NIOSH also points out that most of the psychosocial scales in the reviewed studies were in office settings, where physical factors may be less important than psychosocial factors in their relationship with MSDs.

NIOSH introduces its concluding statements about the role of perceptions in psychosocial factors with the caution that “the findings of the studies reviewed are not entirely consistent.”

The report remarked that the problems of arriving at more conclusive findings are in in determining the relative importance of the physical and psychosocial factors. According to the report, psychosocial factors are usually measured at the individual level, while physical factors are more often measured at the group level, and often by methods with limited precision or accuracy. It states that “objective measures" of aspects of the psychosocial work environment are difficult to develop and are rarely used, while objective methods to measure the physical environment are more readily available: “Until we can measure most workplace and individual variables with more comparable techniques, it will be hard to determine precisely their relative importance.”

The NIOSH report cited several authors to posit that “psychosocial demands may produce increased muscle tension and exacerbate task-related biomechanical strain. Psychosocial demands could also complicate the picture, affecting awareness and reporting of musculoskeletal symptoms, and/or perceptions of their cause. Within this second explanation may fall the “perverse incentive” view, according to the report, in which societies may provide workers with systems, such as workers’ compensation, that may lead to over-reporting of MSD symptoms. It also points out that initial episodes of pain based on a physical insult may trigger a chronic nervous system dysfunction, physiological as well as psychological, which perpetuates a chronic pain process.

Moving On
The NIOSH report was written in 1997. It could be argued that study techniques have moved on, improving the reliability of research findings. The 2007 ranking of the Bongers paper as a classic study, as well as recent research articles, however, suggest that the investigational challenges endure. 

Bongers et al allude to the problem of slippery data in a 2002 paper. They observe that since the 1993 study, research has focused on upper extremity problems (UEPs). “There was some evidence for a relationship between high job demands and UEP, although the results did not meet the pre-set criterion for consistency.  … Firm conclusions on the role of these factors in the etiology of UEP are not possible due to the cross-sectional nature of most studies.”

In a study of knee MSDs, Gareth Jones, MD, is frank about the limitations of his  investigation. He noted the “relatively modest effect of mechanical factors; possible underestimation of cases of knee pain; lack of data on prior knee injury; failure to measure psychosocial factors outside the workplace; and variation in the severity of reported knee pain.”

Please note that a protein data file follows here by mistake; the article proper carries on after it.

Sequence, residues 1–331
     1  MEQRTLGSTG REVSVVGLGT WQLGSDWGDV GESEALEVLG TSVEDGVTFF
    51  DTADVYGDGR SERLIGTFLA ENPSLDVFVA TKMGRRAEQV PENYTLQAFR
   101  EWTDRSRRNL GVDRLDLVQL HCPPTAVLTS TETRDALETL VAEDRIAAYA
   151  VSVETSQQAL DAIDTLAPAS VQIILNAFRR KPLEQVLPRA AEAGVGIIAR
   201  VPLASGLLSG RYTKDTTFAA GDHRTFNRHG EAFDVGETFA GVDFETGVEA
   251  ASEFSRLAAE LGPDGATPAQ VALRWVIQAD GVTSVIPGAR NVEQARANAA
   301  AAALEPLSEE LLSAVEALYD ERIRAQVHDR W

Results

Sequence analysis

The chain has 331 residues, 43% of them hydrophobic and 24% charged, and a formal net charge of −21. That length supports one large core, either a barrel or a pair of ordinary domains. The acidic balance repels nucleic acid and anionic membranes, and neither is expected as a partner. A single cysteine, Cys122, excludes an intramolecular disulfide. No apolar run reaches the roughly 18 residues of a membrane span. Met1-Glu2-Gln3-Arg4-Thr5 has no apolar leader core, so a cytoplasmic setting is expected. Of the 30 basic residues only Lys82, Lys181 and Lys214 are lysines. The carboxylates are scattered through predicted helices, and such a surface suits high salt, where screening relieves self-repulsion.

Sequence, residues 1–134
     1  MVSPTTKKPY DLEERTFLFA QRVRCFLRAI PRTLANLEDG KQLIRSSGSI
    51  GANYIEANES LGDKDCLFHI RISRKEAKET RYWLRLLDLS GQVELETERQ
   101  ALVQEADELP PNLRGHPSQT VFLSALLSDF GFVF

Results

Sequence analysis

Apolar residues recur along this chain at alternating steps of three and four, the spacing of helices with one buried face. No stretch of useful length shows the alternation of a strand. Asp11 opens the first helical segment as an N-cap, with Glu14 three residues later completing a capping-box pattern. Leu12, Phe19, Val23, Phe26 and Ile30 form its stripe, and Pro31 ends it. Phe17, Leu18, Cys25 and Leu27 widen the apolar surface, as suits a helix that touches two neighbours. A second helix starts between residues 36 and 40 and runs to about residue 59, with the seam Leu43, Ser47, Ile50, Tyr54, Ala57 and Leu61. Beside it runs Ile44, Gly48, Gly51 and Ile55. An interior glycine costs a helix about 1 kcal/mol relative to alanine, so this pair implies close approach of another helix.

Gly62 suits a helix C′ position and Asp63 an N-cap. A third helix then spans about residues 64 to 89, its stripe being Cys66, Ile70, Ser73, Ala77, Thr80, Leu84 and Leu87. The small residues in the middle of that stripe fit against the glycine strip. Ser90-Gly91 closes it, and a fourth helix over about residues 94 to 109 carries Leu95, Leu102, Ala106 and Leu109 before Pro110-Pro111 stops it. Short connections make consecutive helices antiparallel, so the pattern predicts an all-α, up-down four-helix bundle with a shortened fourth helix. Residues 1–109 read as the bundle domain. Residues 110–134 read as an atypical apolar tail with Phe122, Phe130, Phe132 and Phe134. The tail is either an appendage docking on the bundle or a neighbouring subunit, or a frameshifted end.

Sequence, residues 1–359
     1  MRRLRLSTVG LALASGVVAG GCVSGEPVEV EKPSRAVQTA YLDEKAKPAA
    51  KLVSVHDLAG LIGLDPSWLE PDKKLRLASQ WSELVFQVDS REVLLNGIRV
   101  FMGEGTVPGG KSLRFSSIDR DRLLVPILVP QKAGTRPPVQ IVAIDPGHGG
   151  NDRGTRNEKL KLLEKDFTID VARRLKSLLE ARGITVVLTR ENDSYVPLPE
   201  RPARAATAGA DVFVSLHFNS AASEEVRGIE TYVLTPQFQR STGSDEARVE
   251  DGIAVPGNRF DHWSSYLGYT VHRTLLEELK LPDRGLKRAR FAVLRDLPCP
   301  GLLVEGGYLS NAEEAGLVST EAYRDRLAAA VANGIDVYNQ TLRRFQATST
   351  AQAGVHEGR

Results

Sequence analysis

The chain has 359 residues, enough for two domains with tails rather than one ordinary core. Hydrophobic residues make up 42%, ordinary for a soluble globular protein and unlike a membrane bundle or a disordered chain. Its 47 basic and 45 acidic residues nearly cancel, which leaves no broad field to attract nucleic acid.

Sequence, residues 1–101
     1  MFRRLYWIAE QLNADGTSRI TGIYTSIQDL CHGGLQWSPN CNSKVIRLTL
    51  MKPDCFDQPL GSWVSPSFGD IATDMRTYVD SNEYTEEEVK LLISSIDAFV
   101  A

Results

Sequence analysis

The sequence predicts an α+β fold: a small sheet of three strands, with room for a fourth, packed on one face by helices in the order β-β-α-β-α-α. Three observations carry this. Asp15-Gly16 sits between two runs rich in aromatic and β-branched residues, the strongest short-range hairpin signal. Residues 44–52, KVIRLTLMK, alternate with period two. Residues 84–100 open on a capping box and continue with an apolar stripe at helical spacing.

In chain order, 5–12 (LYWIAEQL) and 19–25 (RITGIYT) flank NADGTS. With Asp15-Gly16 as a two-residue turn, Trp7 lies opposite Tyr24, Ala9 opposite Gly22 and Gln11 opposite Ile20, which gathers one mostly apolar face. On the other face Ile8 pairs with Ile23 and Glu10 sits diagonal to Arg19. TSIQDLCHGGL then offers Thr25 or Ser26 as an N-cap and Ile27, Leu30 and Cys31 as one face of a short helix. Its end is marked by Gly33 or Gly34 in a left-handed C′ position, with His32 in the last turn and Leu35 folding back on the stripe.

It is a scientific challenge to ascertain the relative importance between these different types of factors, writes Fadi Fathallah in his study about the relationship between psychosocial factors and MSDs in 2008. “Several researchers have emphasized that a multi-disciplinary approach to the problem may be the right vehicle to understand the relative importance of these factors.” Nine years before, Carayon et al observed that physical ergonomic and psychosocial work factors should be examined simultaneously in order to fully understand the etiology of WRMDs.


PM Bongers, CR deWinter, MAJ Kompier, and VH Hildebrandt: “Psychosocial factors at work and musculoskeletal disease: Scandinavian Journal of Work, Environment & Health, 1993; 19(5):297-312.

J-F Gehanno, K Takahashi, S Darmoni, and J Weber: “Citation classics in occupational medicine journals:” Scandinavian Journal of Work, Environment & Health, 33(4), 245-251, 2007

“Musculoskeletal Disorders and Workplace Factors: A Critical Review of Epidemiologic Evidence for Work-Related Musculoskeletal Disorders of the Neck, Upper Extremity, and Low Back.” NIOSH Publication No. 97-141

Pascale Carayon, Michael J. Smith, Maria C. Haims: “Work Organization, Job Stress, and Work-Related Musculoskeletal Disorders:” Human Factors, Vol. 41, 1999

Bongers PM, Kremer AM, ter Laak J: “Are psychosocial factors, risk factors for symptoms and signs of the shoulder, elbow, or hand/wrist?: A review of the epidemiological literature.”  Am J Ind Med. 2002 May;41(5):315-42

Gareth Jones: “Psychosocial Factors May Increase Risk for Knee Pain” Ann Rheum Dis. August 25, 2006.

Fathallah, Fadi A.; Brogmus, George E.; Lim, Soo-Yee; Marras, William S.; Krawczyk, Sheila; Snook, Stover H.; Swanson, Naomi G.; Volinn, Ernest: “The Role of Psychosocial Factors in Occupational Musculoskeletal Disorders:” Human Factors and Ergonomics Society Annual Meeting Proceedings, Industrial Ergonomics , pp. 642-645(4)

This article originally appeared in The Ergonomics Report™ on 2008-11-12.